140,000 children across the UK ‘forgotten and let down’

140,000 children across the UK are being raised by grandparents and other family and friend carers due to parental alcohol or substance misuse, according to a new survey released today by Grandparents Plus.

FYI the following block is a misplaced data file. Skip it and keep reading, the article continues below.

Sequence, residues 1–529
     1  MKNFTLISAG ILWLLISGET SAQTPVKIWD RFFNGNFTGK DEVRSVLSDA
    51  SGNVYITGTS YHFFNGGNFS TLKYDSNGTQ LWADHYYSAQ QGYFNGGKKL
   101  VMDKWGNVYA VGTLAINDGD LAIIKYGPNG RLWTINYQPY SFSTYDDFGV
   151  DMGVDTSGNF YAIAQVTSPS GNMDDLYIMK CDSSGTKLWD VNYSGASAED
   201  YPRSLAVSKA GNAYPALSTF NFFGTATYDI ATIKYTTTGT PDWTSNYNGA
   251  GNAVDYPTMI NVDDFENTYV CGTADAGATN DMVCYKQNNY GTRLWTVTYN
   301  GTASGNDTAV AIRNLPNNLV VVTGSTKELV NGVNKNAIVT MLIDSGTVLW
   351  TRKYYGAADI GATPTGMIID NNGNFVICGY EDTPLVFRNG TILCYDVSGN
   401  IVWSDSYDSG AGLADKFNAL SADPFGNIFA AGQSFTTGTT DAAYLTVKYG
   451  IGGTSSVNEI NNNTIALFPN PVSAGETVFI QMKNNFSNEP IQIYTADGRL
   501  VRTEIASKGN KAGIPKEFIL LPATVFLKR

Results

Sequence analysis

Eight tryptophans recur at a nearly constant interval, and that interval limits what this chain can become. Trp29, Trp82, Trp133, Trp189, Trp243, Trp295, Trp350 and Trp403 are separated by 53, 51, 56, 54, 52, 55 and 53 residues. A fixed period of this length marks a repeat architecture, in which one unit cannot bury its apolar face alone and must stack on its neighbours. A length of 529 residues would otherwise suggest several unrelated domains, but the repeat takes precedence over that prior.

The charity is joining forces with The Children’s Society, Adfam and Mentor UK to highlight the plight of carers raising children under challenging circumstances – who are saving the taxpayer an estimated £5.5 billion a year in care costs. The survey reveals that parental drug or alcohol abuse is the single biggest reason why grandparents step in to bring up children, with almost half (46%) stating this was the main reason or one of the main reasons. 1 in 10 children in the UK are affected by parental alcohol abuse while 1 in 25 are affected by parental substance misuse. The rise in heavy drinking, particularly among young women, and the increase in the numbers of problem drug users may lead to even more children living with grandparents or other relatives in future. Other factors leading to children being brought up by family and friend carers include parental abuse or neglect, imprisonment, illness, disability, bereavement and domestic violence. Many of the carers who are coping with parental alcohol or drug misuse are also dealing with one or more of these other factors. The survey also shows: * Almost half (47%) of family and friend carers raising children due to parental drug or alcohol are likely to be struggling financially. Only 4 in 10 (37%) receive any financial support from their local authority. * They are particularly likely to have a difficult relationship with the child’s parents. 1 in 3 (32%) describe the relationship with the child’s mother as ‘difficult’ and 1 in 4 (24%) have no contact, while only 22% describe the relationship as ‘good’. Over 4 out of 10 (43%) report no contact with the child’s father. * Half (49%) say they are looking after at least one child with a disability or special needs. Children in this group are particularly likely to experience emotional or behavioural problems, reflecting the often difficult experiences they may have had before they came to live with their grandparents or carers. * Over half (53%) of the carers have a chronic health condition or disability themselves. 52% say they are stressed and a further 11% report feeling depressed. Just 2% receive help from social services with their health condition or disability. * 7 out of 10 (71%) of carers say they are “dissatisfied” or “very dissatisfied” with their experience of children’s social services. Of those who requested help from children’s services, only 1 in 4 (25%) said they got the help they needed. Grandparents Plus is calling for better access to services and support for family and friend carers and protection from the impact of welfare reform and spending cuts. Sam Smethers, Chief Executive of Grandparents Plus said: “We know that these carers are struggling in some of the most difficult and challenging circumstances. The children they care for are all too often forgotten and let down by service providers. If they were in the care system it would cost £5.5 billion each year in care costs alone.” “We want to see their care recognised, valued and supported. But cuts to local authority budgets combined with welfare reform will penalise them and risk more children going into care. That makes no sense for the children, our overburdened care system or the taxpayer.” The new findings will be launched at a seminar in the House of Lords on Wednesday 2nd February, hosted by Baroness Massey of Darwen. The seminar will explore the evidence and look at how they and their carers should be better supported, as despite the many issues they are facing they are frequently overlooked by service providers and policy makers. The stigma often attached to drug and alcohol problems means families can feel excluded from their communities. Services to support friend and family carers such as peer to peer support groups are invaluable and help to ease feelings of isolation. However local authority budget cuts mean these services are under threat. Joanna Manning, Programme Manager of The Children’s Society’s STARS National Initiative – a hub of information, support and guidance for practitioners on parental substance misuse – said: “Children have expressed to us the importance of grandparents in their lives. They have spoken of grandparents’ kindness, help and constant availability. Therefore, it comes as no surprise that so many grandparents care for their grandchildren because of parental drugs or alcohol misuse. Practitioners and services must be confident and competent to adopt an approach that considers the whole family.” Andrew Brown for Mentor UK added: “Children whose parents have drug or alcohol problems are extremely vulnerable, with one recent report suggesting that children of alcoholics are two to four times more likely than other children to become addicted to alcohol themselves. “Our work across seven European countries has been focused on trying to understand the needs of family and friend carers, and has confirmed that these placements, properly supported, can reduce the likelihood of future drug problems. But all too often family and friend carers find they’re treated as second class citizens.”